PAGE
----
I OFTEN receive calls on my radio show from people who have maturing endowment policies and retirement annuities and are unsure what action to take. I hope today's article will simplify matters.
The insurance company sends you a letter advising the options available now that the policy has matured. You are given the choice of a wide range of investment options, one of which is to leave the policy with the insurance company, with or without future premiums or to cash the policy in.
At this point, it is important to clarify if there will be any additional fees or commission charged should you continue the policy.
The advantage of such a policy is that you can extend it for as long as you choose once it has run its 5-year course, which is the minimum and maximum period that you should ever commit to. For those who are unsure whether they'll need the money in the short term, the investment portfolio should be changed to something much more conservative, for example, the money market.
Investors who have a longer time horizon should take another look at their portfolio and make investment decisions based on their future expected time- frame. If you do not need the funds, then do not cash in the policy, even if you don't pay any future premiums.
With an annuity, at retirement you need to make a decision regarding the purchase of your pension. While the insurance company will offer certain options on maturity of the retirement annuity, only one-third of the proceeds may be taken in cash, subject to certain tax conditions. The remaining two-thirds must be used to buy an annuity, also known as a pension.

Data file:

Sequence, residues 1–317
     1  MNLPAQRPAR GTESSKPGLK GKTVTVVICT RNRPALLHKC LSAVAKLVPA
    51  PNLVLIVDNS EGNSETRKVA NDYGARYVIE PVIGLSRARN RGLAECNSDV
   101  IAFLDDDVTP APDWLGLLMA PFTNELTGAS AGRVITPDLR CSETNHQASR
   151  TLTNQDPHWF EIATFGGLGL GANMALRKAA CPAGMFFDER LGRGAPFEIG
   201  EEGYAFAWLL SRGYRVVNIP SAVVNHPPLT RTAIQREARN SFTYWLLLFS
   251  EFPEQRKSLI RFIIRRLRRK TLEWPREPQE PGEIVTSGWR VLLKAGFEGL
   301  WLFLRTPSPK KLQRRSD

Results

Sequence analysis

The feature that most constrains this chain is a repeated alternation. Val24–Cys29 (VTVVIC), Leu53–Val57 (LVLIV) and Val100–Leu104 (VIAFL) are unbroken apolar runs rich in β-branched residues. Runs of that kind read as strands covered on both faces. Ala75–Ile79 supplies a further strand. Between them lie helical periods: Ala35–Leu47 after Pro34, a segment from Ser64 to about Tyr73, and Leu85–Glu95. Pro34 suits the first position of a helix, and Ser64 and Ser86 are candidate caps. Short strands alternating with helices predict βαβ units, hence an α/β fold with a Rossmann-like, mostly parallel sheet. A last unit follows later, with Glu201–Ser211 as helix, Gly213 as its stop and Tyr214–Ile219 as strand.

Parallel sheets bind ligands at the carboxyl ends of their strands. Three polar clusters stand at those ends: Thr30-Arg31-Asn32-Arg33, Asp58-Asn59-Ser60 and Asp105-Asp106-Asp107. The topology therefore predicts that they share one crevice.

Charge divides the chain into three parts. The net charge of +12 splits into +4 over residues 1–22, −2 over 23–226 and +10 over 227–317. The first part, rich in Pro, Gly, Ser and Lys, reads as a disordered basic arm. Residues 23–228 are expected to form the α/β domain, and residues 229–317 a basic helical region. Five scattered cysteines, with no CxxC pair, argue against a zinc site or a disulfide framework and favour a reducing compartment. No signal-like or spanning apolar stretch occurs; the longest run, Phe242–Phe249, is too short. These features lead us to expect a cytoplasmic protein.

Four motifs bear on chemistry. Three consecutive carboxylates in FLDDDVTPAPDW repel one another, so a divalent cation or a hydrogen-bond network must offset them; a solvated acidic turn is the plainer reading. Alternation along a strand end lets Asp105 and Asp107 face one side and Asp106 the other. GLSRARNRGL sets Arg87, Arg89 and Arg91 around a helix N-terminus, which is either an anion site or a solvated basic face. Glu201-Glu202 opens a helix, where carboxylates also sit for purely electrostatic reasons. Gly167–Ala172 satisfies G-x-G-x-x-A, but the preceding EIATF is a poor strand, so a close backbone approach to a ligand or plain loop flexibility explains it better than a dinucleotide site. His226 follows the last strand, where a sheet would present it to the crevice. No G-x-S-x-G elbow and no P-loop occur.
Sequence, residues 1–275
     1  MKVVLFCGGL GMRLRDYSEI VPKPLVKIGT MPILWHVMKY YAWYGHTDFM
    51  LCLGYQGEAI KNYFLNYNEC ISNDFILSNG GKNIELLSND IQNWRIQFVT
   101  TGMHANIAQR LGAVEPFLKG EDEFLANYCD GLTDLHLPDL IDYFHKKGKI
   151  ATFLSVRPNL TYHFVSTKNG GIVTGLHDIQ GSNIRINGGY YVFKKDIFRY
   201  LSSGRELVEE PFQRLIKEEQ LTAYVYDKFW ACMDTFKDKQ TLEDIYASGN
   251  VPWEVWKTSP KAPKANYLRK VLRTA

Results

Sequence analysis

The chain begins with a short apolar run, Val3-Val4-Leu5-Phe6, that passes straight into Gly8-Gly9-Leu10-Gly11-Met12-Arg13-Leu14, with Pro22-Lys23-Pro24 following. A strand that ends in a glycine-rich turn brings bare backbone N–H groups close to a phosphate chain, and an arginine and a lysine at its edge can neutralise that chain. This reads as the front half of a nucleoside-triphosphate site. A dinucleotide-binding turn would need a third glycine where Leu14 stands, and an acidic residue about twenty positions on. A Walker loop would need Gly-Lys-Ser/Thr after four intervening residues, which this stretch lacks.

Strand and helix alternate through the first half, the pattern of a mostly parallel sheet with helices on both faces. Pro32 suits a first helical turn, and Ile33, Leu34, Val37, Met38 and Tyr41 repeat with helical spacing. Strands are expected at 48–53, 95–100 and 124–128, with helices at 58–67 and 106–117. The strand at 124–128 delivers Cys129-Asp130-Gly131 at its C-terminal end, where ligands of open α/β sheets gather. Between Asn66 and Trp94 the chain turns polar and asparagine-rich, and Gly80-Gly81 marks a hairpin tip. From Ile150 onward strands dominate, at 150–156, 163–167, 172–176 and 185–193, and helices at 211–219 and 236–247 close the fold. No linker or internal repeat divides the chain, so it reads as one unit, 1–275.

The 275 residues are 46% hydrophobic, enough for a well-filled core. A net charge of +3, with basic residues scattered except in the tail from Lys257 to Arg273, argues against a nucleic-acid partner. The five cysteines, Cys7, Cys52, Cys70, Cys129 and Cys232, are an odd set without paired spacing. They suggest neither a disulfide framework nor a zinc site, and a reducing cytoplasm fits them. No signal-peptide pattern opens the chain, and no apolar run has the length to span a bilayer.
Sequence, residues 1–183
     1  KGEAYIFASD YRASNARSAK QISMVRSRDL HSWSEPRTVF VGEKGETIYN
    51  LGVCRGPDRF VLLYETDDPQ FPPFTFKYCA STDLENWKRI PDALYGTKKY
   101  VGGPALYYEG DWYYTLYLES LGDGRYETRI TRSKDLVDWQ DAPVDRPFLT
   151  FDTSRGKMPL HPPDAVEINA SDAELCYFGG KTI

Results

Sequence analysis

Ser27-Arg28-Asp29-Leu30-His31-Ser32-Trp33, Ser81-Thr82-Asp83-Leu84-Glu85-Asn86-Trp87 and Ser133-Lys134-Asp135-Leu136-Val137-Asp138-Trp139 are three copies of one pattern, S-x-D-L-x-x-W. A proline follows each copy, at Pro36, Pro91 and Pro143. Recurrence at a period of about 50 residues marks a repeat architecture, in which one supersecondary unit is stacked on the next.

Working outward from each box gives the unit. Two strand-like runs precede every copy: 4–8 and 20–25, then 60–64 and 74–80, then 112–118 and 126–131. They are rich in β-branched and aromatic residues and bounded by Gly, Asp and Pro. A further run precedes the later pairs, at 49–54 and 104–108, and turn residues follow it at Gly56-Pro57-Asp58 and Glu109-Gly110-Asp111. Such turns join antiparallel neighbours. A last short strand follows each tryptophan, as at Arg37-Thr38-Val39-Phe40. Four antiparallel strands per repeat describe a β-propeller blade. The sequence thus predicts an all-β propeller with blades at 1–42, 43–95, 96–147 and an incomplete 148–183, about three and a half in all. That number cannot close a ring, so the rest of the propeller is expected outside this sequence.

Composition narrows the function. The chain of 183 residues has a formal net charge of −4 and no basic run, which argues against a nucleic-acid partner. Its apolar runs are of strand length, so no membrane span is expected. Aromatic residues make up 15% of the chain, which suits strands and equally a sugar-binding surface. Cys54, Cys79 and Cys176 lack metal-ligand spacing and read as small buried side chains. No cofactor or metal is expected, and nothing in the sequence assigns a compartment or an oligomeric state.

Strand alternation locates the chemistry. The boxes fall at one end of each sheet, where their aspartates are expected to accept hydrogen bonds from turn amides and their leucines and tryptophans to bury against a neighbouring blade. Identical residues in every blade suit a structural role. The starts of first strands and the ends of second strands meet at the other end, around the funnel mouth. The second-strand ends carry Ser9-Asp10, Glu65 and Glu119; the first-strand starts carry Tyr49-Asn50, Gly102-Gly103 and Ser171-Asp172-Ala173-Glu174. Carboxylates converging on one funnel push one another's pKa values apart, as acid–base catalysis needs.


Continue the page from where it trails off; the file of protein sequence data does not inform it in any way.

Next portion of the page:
While the matured policy offers some flexibility to make changes during the course of the investment period, once a fixed pension has been purchased, such pension is payable for the rest of your life, or for the minimum guarantee period selected. Therefore, once this type of pension has been bought, you are then bound by the terms and conditions and cannot change that decision in the future.
Factors affecting the pension to be received are: age at retirement and, more importantly, prevailing interest rates at that time.
When interest rates are lower, as is the case now, then your annuity is fixed at a lower level.
Most people are unaware that at retirement, you have the right to shop around to find the highest annuity available, and then to purchase that annuity, even if it means moving from the company where the original retirement annuity was purchased.
Therefore, my advice to anyone receiving a letter informing them about the maturity of a retirement annuity would be to take the time to shop around to find the best possible annuity before making any decision, irrespective of whether pressure is being applied by their insurance company, or broker, to make a quick decision.
l The writer is financial adviser of Bryan Hirsch Cooley and Associates.E-mail firstname.lastname@example.org or telephone 011-880-4888.